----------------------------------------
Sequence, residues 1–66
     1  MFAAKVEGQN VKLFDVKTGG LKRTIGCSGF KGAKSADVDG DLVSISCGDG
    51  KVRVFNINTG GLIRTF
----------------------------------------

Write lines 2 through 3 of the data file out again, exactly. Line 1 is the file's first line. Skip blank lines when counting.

     1  MFAAKVEGQN VKLFDVKTGG LKRTIGCSGF KGAKSADVDG DLVSISCGDG
    51  KVRVFNINTG GLIRTF